Figure 1: Invariant mass distribution of hardest and second hardest non -jets for different energy loss scenarios. To determine the peak position of the distribution, we have fitted these distributions with asymmetric Gaussian functions. The parameters of fitting are presented in Table. 1
Figure 2: Same as Fig. 1 but for distribution.

In this letter, we have investigated -jets out of which -jets are -tagged plus one lepton signature as signal of production in HIC. Therefore, before going into the details of our analysis, it is important to discuss the status of jet reconstruction and -tagging in the context of HIC. The main obstacle to studying jets in HIC is the presence of the huge background given by the underlying event (UE) This UE needs to be properly subtracted from the momentum of a given jet in order to reconstruct its “true” momentum. It was shown in Ref. Cacciari:2010te () that in presence of QGP, faithful reconstruction of jets are possible using anti- algorithm. Jets have already been successfully used as an observable in HIC by the ATLAS collaboration da_LHC (). Moreover, in Ref. vitev (), different jet shape variables have been studied for the jets passing through QGP. In Ref White:2005au (), -tagging in the environment of HIC has been studied by examining the reconstruction efficiency and rejection power (against light quark jets) using secondary vertex finding. Their study suggests that -tagging efficiency can be achieved at the HIC for a rejection power of 50.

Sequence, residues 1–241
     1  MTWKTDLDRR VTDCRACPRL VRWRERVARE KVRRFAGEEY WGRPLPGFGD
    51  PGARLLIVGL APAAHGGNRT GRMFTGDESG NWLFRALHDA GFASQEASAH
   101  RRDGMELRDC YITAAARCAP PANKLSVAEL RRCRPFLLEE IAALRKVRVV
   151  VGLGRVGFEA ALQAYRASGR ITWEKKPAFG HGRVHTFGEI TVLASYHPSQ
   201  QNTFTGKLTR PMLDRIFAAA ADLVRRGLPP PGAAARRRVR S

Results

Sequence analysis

Energy loss For distribution For distribution
Scenario
nb GeV GeV GeV nb GeV GeV GeV
Only Coll. 8.6 75.6 6.1 3.8 5.3 162.8 8.6 6.2
Only SAR 19.6 78.9 2.6 2.2 14.8 170.4 3.7 2.8
Only WAR 9.5 78.7 4.0 2.4 6.2 169.9 9.9 3.0
Coll.+SAR 7.16 75 6.4 4.9 4.5 161.9 8.9 7.5
Coll.+WAR 4.25 76.9 12.1 3.3 2.6 160.9 14.9 9.25
Table 1: Parameters used for the Gaussian fitting of Fig 1 and 2.

In our analysis, we have introduced a set of basic selection criteria to identify electrons, muons, jets etc. The object selection is described in brief in the following: (i) Jets are constructed using anti- algorithm with and only jets with GeV and are considered for further analysis. To take into account the effects of finite detector resolution, we have smeared the jet energies with Gaussian functions in Ref. smear (). (ii) We demand that lepton candidates (both electron and muon) have GeV and are separated from jets by at least . After reconstructing different objects, we consider events with one lepton (electron or muon) and 4-jets for further analysis. We also demand that out of the 4-jets, two jets are -tagged. The dominant background for semileptonic signal arises from +jets production followed by the leptonic decay of -boson. Here, -jets results from the mistagging of light jets. Since the mistagging efficiency of light quark jets to be tagged as -jets is small, -tagging significantly reduce this background. Production of +jets also contributes to the background. However, we have estimated that these cross-sections are very small compared to the cross-section. Therefore, semileptonic decay products of could be easily detected over the background.